Some fun today. Juniper recently ran a competition they called the Junos Cup 2014. It was modeled after a world cup of sorts, with each challenge involving a country in the name, four Tournament and then – because in the real world there was a three-way tie – a final Sudden Death Challenge.
The whole thing was played out online, but Juniper decided to make a little book out of it all, and they were kind enough to send a copy to me, which I have been thoroughly enjoying reading.
Junos Cup 2014
I have to confess, I wasn’t sure at first whether reading a book of challenges (the answers are in the back, by the way) would be interesting; in fact I feared the opposite. However, each challenge is typically only two or three pages long, and the solution typically involves just one, two or three commands. That’s pretty neat, but it’s not necessarily easy.
Each chapter starts with a set of statistics – how many attempts this group of challenges generated, which of the challenges were most popular, and which (based on correct submissions vs attempts) were deemed to be the easiest and hardest. That’s pretty cool, because it’s reassuring to stare blankly at a challenge thinking you must be stupid not to get it, then realize that you were not alone in flaking out on the challenge 🙂
Here’s where the challenge got really good in my opinion. Juniper didn’t just issue the challenges, but actually built the topologies in Junosphere (their online virtual lab environment) and then made Junosphere available for anybody to use and actually do the labs themselves.
This is cool. You don’t have to build any simulations yourself. You don’t have to pay for access to Junosphere. You just login and try to solve the problem in a prebuilt environment. How much easier (at least logistically) can it possibly get? And as a marketing tool for Junosphere, I have to think that Juniper sold a few more hours as a result of people trying out the environment for themselves.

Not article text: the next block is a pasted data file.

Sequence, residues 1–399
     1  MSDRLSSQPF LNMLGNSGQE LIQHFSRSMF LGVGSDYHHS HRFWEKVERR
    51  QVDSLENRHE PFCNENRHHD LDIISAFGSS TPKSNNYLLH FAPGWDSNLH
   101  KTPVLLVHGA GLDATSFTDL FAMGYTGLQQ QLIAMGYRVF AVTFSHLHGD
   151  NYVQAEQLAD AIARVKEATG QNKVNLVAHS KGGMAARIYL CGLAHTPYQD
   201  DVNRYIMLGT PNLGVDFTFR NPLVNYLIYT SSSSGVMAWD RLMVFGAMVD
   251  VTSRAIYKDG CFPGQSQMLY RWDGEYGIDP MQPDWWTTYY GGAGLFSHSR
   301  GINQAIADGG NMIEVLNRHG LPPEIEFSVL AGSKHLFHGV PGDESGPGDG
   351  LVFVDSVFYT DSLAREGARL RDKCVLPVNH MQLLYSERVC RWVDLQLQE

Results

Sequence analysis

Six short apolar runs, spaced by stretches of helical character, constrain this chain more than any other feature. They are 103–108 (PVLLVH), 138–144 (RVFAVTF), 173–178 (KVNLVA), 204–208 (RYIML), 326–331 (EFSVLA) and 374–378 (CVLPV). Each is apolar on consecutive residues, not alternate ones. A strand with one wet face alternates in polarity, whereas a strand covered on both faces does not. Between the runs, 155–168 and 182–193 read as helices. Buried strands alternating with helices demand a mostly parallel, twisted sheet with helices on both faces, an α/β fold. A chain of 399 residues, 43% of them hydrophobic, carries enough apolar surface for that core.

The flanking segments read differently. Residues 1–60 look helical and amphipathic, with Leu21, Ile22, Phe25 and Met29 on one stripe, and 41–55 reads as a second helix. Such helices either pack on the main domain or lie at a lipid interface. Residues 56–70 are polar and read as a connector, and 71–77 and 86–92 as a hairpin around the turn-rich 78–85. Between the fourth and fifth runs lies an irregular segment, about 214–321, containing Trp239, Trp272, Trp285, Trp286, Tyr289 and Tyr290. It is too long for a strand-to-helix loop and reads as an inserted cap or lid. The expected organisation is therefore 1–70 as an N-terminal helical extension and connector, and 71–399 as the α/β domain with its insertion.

Accessing The Labs
Access to Junosphere is via Juniper’s Java-based VPN client which I have noted before can be fun on OSX. I ended up running the client, yet again, in Firefox. You might want to look at my previous issues with the Juniper Pulse Collaboration client, as I suspect many of the same issues are at play here.
And they’re fun. You really can’t do the challenges without logging in, because you need to see the active configurations. However, let’s look at Greece (as pictured above) as an example. The challenge was to issue two set commands (either two commands on one device, or one command on each of two devices) that would allow traffic between the two routers to be encrypted in an IPSec VPN.
I’m not a Junos expert, but I know roughly how VPNs are set up, and it looked at first glance like the IPSEC configuration was all in place – and it turns out it was. What was missing was the command
set security zones security-zone untrust host-inbound-traffic system-services ike. I had a hunch that there was something missing like that, but since I didn’t know what it was offhand, it took all of a minute to find an appropriate source showing the necessary steps and confirm that indeed that was the command missing. And it felt good, even though this was apparently the easiest topology in Tournament One, and I’d looked up a reference. Still, better than looking up the answer in the back, right?
You Can Play Along at Home Too
Instructions to set up your access to the Junosphere topologies are available online and you can also download a PDF of the Junos Cup 2014 book. The challenges are also available online within J-Net, but the solutions are right at the end of the challenge now, so it’s almost impossible not to read it – so I recommend the PDF way.
If you’d like a Junos-based challenge that you can take at your own pace (the “live” competition is finished now), this is a pretty cool set of topologies that make you think a little about what is going on, and since the solutions are short, you don’t feel like you’re totally at sea looking for the answer.
Give it a go and let me know how you get on!
Thanks again to Juniper for mailing me a soft-cover copy of this book.
30 Blogs in 30 Days
This post is part of my participation in Etherealmind’s 30 Blogs in 30 Days challenge.
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